Studies based on child and adolescent samples have shown that when certain demographic (e.g., socioeconomic status), environmental (rural area), and behavioral (e.g., number of hours in sedentary behavior) variables are considered, the effect of overweight on children's academic performance weakens (15)(17). Additional psychosocial variables such as low self-esteem and depression are related to child overweight but could also be associated with children's performance on tests and their school attendance (19). Although several variables have been examined in terms of their impact on children's cognitive development (as measured by their academic performance), we have yet to incorporate additional indices of children's health such as blood pressure and diabetic status. Furthermore, despite concerns about the use of BMI as a measure of overweight, only a few studies have incorporated additional measures of child fitness to explore potential associations with child academic performance (20).
This study examined the relationship between childhood overweight risks and children's academic performance on four standardized subscales: mathematics, reading/language arts, science, and social studies. Children's BMI, blood pressure status, acanthosis nigricans (AN),1 and total fitness score on the FITNESSGRAM were examined after controlling for child sex and financial need.
Research Methods and Procedures
All students (N = 1000) enrolled in fifth-grade classrooms within a rural, primarily white area in West Virginia were eligible to participate in this study through passive school-based consent procedures. Information about the participants’ backgrounds and demographics (except for child age and sex) was not available because of the passive nature of the consent process. Specifically, parents were informed of the screening procedures at the beginning of the school year and asked to inform investigators only if they did not wish for their child to participate in the study.
Children's Weight Status
The children's height (in) and weight (lb) were measured using the Shorr Infant/Child/Adult Height/Length Board and the SECA 880 Floor Digital Scale (Hanover, MD). Children's weight status was measured by calculating their BMI. The BMI for each child was calculated using the equation recommended by the Centers for Disease Control and Prevention (21): weight (in pounds)/[height in inches)]2 × 703. All weight percentile categories (underweight, normal-weight, at-risk-for-overweight, and overweight) were based on the age- and sex-specific growth charts recommended by the Centers for Disease Control and Prevention (22)(23). BMI values less than the 5th percentile were classified as underweight; BMI values between the 5th and 84.9th percentile were classified as normal-weight; at-risk-for-overweight was based on a BMI at the 85th to 94.9th percentiles; and the overweight categorization was based on ≥95th percentile.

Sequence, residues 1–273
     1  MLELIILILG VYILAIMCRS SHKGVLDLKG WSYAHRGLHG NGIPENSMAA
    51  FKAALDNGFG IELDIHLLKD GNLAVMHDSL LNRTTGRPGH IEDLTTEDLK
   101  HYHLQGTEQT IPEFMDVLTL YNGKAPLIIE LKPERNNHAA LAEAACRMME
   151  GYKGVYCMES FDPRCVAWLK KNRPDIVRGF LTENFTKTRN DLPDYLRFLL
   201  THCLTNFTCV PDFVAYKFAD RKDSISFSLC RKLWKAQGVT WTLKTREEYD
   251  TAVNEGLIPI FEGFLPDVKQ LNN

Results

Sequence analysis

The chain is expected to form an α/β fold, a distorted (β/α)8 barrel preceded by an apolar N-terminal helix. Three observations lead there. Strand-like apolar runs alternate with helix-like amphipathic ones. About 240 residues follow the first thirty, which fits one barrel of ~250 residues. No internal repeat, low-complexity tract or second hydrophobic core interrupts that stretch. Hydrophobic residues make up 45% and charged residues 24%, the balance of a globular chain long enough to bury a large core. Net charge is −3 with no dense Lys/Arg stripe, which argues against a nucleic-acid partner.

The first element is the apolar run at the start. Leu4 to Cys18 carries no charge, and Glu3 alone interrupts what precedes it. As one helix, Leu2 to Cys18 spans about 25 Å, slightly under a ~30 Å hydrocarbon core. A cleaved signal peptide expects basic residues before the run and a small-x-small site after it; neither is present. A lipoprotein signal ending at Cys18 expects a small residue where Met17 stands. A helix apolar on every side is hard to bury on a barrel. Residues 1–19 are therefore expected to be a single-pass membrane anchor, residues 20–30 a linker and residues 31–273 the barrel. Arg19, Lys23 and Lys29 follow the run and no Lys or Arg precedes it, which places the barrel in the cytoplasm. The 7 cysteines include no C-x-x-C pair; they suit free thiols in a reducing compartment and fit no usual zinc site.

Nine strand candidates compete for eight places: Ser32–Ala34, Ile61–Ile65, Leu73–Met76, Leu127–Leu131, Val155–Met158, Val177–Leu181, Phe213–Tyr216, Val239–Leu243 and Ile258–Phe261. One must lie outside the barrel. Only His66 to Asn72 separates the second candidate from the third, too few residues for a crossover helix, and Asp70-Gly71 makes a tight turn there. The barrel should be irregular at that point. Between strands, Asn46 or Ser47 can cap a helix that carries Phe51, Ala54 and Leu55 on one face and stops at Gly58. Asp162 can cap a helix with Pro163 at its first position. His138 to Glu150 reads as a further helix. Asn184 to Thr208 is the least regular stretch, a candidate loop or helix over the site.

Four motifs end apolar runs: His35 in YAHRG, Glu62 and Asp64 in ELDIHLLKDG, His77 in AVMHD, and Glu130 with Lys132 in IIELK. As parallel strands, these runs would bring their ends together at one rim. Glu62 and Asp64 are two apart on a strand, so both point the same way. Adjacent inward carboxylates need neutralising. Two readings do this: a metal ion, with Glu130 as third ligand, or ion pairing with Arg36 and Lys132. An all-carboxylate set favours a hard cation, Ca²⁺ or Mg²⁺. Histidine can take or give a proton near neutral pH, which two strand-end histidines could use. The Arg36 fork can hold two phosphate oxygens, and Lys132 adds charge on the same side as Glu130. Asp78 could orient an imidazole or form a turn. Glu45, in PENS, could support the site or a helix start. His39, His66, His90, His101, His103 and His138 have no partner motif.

Children's Cardiovascular Risk Markers
Children's blood pressures were measured using the Tycos Welch Allyn cuff (Welch Allyn, Inc., Skaneateles Falls, NY). Blood pressure was assessed once during the screening period. If considered a high reading, the school nurse rechecked it at a later date, and the lower of the two readings was recorded. We decided to take the lower reading to control for any effects the screening procedures may have created. For example, children may become excited or anticipate the screening procedures, which, in turn, may increase their blood pressure readings. The national guidelines from the Fourth Report on Diagnosis, Evaluation, and Treatment of High Blood Pressure in Children and Adolescents (24) were used to identify which children showed high systolic and diastolic pressures according to same age and sex distributions, with 0 representing a normal reading (<90th percentile), 1 representing a pre-hypertensive reading (90th to 94.5th percentile), and 2 representing a high blood pressure reading (≥95th percentile).